The Sociology of Early Buddhism

Author: Greg Bailey,Ian Mabbett

Publisher: Cambridge University Press

ISBN: 9781139438902

Category: Religion

Page: N.A

View: 9613

DOWNLOAD NOW »

Early Buddhism flourished because it was able to take up the challenge represented by buoyant economic conditions and the need for cultural uniformity in the newly emergent states in north-eastern India from the fifth century BCE onwards. This book begins with the apparent inconsistency of Buddhism, a renunciant movement, surviving within a strong urban environment, and draws out the implications of this. In spite of the Buddhist ascetic imperative, the Buddha and other celebrated monks moved easily through various levels of society and fitted into the urban landscape they inhabited. The Sociology of Early Buddhism tells how and why the early monks were able to exploit the social and political conditions of mid-first millennium north-eastern India in such a way as to ensure the growth of Buddhism into a major world religion. Its readership lies both within Buddhist studies and more widely among historians, sociologists and anthropologists of religion.

American Sociology of Religion

Histories

Author: Anthony J. Blasi

Publisher: BRILL

ISBN: 9004161155

Category: Social Science

Page: 317

View: 2809

DOWNLOAD NOW »

First ever collection of histories of American sociology of religion, including accounts of early dissertations changes in theory, and studies of denominations, globalization, feminism, new religions and Latino/a American religion.

The Religion of India

The Sociology of Hinduism and Buddhism

Author: Max Weber

Publisher: Munshirm Manoharlal Pub Pvt Limited

ISBN: 9788121505710

Category: Religion

Page: 392

View: 5580

DOWNLOAD NOW »

Classic on the connection between religious institutions and administration, bureaucracy.

The Sociology of Philosophies

A Global Theory of Intellectual Change

Author: Randall COLLINS

Publisher: Harvard University Press

ISBN: 0674967569

Category: Philosophy

Page: 1118

View: 3754

DOWNLOAD NOW »

Randall Collins traces the movement of philosophical thought in ancient Greece, China, Japan, India, the medieval Islamic and Jewish world, medieval Christendom, and modern Europe. What emerges from this history is a social theory of intellectual change, one that avoids both the reduction of ideas to the influences of society at large and the purely contingent local construction of meanings. Instead, Collins focuses on the social locations where sophisticated ideas are formed: the patterns of intellectual networks and their inner divisions and conflicts.

Early Buddhist Architecture in Context

The Great Stūpa at Amarāvatī (ca. 300 BCE-300 CE)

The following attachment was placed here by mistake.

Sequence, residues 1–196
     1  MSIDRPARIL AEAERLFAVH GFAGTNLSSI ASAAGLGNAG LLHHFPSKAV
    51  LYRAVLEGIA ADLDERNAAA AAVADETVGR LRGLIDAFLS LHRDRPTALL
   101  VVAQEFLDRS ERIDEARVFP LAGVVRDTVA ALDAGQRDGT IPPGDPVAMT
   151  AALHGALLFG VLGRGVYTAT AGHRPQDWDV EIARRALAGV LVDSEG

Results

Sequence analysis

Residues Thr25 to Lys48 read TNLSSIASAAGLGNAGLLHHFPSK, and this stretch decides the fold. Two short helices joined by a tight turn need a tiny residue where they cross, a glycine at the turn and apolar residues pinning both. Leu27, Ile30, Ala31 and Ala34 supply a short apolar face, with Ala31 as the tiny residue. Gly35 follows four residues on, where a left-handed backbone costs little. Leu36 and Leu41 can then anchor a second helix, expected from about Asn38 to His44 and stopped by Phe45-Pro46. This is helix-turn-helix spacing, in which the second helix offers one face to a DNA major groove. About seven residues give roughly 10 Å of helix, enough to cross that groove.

Author: Akira Shimada

Publisher: BRILL

ISBN: 9004233261

Category: Religion

Page: 332

View: 6943

DOWNLOAD NOW »

The book provides an updated chronology of the Amar?vat? st?pa and argues its close link with the long-term development of urbanization of this region between ca. 200 BCE-250 CE based on the latest archaeological, art-historical and epigraphic evidence.

Early Buddhist Transmission and Trade Networks

Mobility and Exchange Within and Beyond the Northwestern Borderlands of South Asia

Author: Jason Neelis

Publisher: BRILL

ISBN: 9004181598

Category: History

Page: 371

View: 2010

DOWNLOAD NOW »

This book examines catalysts for Buddhist formation in ancient South Asia and expansion throughout and beyond the northwestern Indian subcontinent to Central Asia by investigating symbiotic relationships between networks of religious mobility and trade.

Buddhism and Islam on the Silk Road

Author: Johan Elverskog

Publisher: University of Pennsylvania Press

ISBN: 0812205316

Category: History

Page: 352

View: 755

DOWNLOAD NOW »

In the contemporary world the meeting of Buddhism and Islam is most often imagined as one of violent confrontation. Indeed, the Taliban's destruction of the Bamiyan Buddhas in 2001 seemed not only to reenact the infamous Muslim destruction of Nalanda monastery in the thirteenth century but also to reaffirm the stereotypes of Buddhism as a peaceful, rational philosophy and Islam as an inherently violent and irrational religion. But if Buddhist-Muslim history was simply repeated instances of Muslim militants attacking representations of the Buddha, how had the Bamiyan Buddha statues survived thirteen hundred years of Muslim rule? Buddhism and Islam on the Silk Road demonstrates that the history of Buddhist-Muslim interaction is much richer and more complex than many assume. This groundbreaking book covers Inner Asia from the eighth century through the Mongol empire and to the end of the Qing dynasty in the late nineteenth century. By exploring the meetings between Buddhists and Muslims along the Silk Road from Iran to China over more than a millennium, Johan Elverskog reveals that this long encounter was actually one of profound cross-cultural exchange in which two religious traditions were not only enriched but transformed in many ways.